One day after hundreds of people joined Reverend Al Sharpton to rally and marched through downtown Tulsa, city council members met to carry on with city business.
While nothing on Wednesday's agenda was specifically about city initiatives regarding race relations in Tulsa, that hasn't stopped many city leaders from starting their own.
What's next for the City of Tulsa was certainly on council members' minds as calls to continue the momentum from Tuesday's rally echoed from protesters.
“We want peace within the community, for all of our lives,” they said.
Even Sharpton said Tulsa can lead the country in race relations, but that the city needs to make the shooting death of Terence Crutcher a teaching moment.
"Use this situation to make it a teaching moment, not just a critical moment," he said.
At Wednesday night's city council meeting, some council members said they believe people in Tulsa can be the teachers.
"I think we are setting a standard that can be practiced throughout the nation," said city councilor Karen Gilbert.
Gilbert said she holds monthly meetings for district 5. At her last one, she invited police officers and opened the floor to have an honest discussion about race and police interaction.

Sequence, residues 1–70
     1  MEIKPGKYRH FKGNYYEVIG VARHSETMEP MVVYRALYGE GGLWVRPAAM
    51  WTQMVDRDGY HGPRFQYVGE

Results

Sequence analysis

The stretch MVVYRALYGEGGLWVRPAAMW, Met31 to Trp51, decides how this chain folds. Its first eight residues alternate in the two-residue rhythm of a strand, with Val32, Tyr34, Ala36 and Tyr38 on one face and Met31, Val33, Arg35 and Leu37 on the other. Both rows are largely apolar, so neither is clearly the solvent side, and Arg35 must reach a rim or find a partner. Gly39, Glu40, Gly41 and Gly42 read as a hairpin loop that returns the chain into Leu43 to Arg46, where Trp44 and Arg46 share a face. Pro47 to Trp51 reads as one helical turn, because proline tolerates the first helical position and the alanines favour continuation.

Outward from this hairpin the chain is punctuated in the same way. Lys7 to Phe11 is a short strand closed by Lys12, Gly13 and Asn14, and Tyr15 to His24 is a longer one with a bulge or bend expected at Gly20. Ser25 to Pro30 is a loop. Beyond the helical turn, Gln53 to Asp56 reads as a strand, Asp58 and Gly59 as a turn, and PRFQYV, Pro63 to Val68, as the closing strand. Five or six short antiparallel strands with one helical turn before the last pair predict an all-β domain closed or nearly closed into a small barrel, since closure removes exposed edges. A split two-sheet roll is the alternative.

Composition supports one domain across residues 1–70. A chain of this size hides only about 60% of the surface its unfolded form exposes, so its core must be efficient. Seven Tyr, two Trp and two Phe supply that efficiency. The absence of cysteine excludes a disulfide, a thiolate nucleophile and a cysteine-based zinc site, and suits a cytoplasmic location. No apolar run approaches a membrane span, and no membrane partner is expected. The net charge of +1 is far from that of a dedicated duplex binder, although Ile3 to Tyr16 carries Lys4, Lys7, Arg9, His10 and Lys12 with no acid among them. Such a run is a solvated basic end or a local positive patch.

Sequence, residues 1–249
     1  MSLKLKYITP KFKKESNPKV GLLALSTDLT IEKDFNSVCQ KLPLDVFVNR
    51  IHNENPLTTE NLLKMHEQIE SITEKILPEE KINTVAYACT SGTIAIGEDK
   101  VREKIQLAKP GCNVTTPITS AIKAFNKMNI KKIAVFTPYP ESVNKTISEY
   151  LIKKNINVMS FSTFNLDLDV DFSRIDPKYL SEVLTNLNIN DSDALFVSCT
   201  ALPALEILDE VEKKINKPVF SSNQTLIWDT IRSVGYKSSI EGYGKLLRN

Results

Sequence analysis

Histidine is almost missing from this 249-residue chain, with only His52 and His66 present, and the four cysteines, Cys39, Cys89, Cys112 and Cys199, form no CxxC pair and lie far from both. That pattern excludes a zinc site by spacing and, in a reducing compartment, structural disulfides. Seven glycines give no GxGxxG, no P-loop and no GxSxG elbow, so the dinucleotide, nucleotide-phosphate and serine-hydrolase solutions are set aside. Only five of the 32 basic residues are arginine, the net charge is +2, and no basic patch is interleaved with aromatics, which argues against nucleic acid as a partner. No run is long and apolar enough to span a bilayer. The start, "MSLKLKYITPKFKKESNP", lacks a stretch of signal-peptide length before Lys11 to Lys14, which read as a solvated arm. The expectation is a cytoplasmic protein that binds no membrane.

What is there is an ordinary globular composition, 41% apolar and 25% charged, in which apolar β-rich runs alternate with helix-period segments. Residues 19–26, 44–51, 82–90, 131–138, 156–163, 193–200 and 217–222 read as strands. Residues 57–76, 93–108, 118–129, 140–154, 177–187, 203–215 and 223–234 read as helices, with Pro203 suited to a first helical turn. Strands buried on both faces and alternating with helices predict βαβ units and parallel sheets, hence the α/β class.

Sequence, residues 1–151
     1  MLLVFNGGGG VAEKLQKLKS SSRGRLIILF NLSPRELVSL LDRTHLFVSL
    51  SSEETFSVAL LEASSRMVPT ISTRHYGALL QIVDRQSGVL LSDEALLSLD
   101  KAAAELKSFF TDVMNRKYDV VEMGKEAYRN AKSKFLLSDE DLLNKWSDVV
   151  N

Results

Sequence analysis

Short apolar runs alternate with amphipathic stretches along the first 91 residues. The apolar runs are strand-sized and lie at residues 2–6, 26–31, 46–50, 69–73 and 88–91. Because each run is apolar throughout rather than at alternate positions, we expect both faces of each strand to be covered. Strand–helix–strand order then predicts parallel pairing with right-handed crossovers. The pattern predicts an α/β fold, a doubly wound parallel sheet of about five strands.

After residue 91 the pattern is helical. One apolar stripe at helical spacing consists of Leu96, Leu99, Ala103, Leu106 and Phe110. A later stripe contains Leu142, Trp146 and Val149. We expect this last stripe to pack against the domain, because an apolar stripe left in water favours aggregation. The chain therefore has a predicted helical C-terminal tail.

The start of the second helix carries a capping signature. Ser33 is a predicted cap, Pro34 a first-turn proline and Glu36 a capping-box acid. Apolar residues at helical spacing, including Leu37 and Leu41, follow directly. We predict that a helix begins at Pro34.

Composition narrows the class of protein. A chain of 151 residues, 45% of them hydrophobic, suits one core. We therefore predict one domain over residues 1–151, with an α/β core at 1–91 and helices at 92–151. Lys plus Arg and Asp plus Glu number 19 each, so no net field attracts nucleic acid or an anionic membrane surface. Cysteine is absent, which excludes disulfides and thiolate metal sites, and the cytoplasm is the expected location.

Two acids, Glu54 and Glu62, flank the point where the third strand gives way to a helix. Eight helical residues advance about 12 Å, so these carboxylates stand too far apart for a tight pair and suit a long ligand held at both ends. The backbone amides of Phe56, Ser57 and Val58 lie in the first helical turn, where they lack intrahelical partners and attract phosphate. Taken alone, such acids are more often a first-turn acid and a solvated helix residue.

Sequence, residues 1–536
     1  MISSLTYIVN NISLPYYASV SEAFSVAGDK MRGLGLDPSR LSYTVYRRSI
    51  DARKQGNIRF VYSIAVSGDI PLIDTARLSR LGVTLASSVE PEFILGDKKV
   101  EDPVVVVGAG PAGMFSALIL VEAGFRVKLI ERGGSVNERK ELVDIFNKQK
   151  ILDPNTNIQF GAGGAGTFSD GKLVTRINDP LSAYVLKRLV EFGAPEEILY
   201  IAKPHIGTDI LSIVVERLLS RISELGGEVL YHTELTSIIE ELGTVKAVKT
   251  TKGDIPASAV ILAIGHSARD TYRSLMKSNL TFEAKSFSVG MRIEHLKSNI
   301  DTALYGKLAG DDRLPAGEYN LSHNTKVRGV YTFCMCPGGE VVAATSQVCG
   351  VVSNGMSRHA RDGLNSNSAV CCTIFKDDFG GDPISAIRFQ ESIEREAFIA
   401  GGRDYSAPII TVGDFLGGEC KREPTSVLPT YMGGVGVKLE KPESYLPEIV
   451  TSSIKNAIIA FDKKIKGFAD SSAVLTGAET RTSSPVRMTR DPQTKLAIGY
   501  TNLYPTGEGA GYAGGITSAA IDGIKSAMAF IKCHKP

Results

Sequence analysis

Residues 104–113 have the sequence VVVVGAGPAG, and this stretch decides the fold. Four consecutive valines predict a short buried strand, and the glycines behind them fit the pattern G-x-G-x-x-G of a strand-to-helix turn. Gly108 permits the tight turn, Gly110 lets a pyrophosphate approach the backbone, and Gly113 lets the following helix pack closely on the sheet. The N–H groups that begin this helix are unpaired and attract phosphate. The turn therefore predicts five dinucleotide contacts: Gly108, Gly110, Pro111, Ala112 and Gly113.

No matter what people's comfort lever is, Gilbert said they need to happen.
"It's always uncomfortable to have those conversations, especially with our kids, but it is a needed discussion to be had," she said.
For her and other council members, it's about listening first. Gilbert believes people want to be talked with, not at.
Councilor Jack Henderson agreed, saying, “Can you imagine if we stopped and said, 'Let's find out more about our brothers and sisters all over this city.’"
For Henderson, the movement can't stop, but he needs the city’s help.
"We cannot do it individually,” he said. “It's going to have to be a group effort. It's going to have to be a city-wide thing."
Council members encourage Tulsans to reach out to them if you would like to organize a community meeting in your neighborhood to help strengthen the bond between people in Tulsa.